Human Trafficking and Healthcare: Using a Public Health Approach to Combat and Prevent Human Trafficking

Human Trafficking and Healthcare: Using a Public Health Approach to Combat and Prevent Human Trafficking

By Nathnael Mengistie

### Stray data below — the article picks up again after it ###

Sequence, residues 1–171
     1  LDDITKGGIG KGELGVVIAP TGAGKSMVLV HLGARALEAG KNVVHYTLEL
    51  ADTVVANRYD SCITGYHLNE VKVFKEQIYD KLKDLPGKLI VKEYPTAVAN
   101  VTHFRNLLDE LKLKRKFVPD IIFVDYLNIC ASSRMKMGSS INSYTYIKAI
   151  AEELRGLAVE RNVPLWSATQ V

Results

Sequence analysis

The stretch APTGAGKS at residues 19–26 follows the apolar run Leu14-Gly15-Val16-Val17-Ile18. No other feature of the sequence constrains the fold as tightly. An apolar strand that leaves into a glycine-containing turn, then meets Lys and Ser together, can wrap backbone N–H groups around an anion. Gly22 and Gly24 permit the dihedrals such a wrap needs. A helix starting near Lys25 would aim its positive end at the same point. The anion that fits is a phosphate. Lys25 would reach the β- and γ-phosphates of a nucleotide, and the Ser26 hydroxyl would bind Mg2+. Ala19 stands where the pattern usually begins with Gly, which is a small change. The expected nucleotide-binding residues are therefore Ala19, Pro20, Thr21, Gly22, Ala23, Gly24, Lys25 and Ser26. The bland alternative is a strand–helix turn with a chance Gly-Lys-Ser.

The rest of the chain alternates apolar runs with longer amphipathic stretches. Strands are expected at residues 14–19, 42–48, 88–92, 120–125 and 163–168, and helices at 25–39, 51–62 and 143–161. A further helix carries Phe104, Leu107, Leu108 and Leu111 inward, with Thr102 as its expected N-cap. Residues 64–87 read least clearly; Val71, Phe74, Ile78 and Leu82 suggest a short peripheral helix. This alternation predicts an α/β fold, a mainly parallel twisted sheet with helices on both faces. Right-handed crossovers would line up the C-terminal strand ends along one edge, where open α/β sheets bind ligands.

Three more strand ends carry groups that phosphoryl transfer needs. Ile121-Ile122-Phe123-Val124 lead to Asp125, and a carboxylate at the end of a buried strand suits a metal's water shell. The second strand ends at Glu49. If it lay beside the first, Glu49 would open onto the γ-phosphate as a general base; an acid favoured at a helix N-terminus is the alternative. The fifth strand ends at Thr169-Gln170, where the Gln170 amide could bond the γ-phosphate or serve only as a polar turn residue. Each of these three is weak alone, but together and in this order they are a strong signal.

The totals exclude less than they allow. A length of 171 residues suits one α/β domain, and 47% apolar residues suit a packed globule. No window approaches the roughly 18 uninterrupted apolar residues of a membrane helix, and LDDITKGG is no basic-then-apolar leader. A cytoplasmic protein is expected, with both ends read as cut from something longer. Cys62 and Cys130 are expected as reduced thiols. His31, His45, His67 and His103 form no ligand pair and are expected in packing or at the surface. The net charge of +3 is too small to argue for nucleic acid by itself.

According to the International Labor Organization, human trafficking is the act of controlling or exploiting a person for sex, labor, or other services through fraud, force, or coercion. This grave human rights violation affected an estimated 20.9 million or more individuals worldwide in 2016. In recent years, however, numerous countries, including the United States, have passed different laws to combat this issue. In fact, on January 9th 2019, President Donald Trump signed into law the reauthorization of the Trafficking Victims Protection Act (TVPA), a law that aims to prevent human trafficking, protect victims, and punish offenders not only in the US, but also abroad. This legislation was first passed in 2000 and has since been expanded and reauthorized numerous times. This landmark anti-trafficking law formed the Office to Monitor and Combat Trafficking in Persons, which publishes a yearly Trafficking in Persons Report (TIP), and it also established the T-visa, which allows trafficking victims who came from outside the US to become permanent residents. Furthermore, the current administration has also authorized $430 million to fight human trafficking and passed additional laws, such as the Abolish Human Trafficking Act, which increases the prosecution of traffickers. Although these efforts are certainly commendable, American law regarding human trafficking still focuses on prosecution and fails to recognize the importance of a victim-centered approach to end this heinous crime. In fact, the Bureau of Justice Statistics stated that there was a 41% increase in the number of prosecutions for human trafficking offenses from 2011 to 2015, which illustrates the government’s focus on the criminal justice aspect of human trafficking. Although it is important to prosecute traffickers, members of the anti-trafficking movement should also focus on identifying human trafficking victims and providing long term support to human trafficking survivors. One of the reasons why this is not the case is because it is challenging to identify trafficking victims due to the obscure nature of the crime.  Nevertheless, framing human trafficking as a public health issue and increasing the involvement of healthcare professionals will not only allow us to identify trafficking victims and empower survivors, but also help us address the socio-economic determinants that facilitate human trafficking by working with policy makers, clinical professionals, law enforcement, and educators because human trafficking is a multifaceted problem. By using a public health approach to combat human trafficking and collaborating with different professionals, we are increasing our scope and our reach because public health is concerned with the well-being of entire populations and not just specific individuals.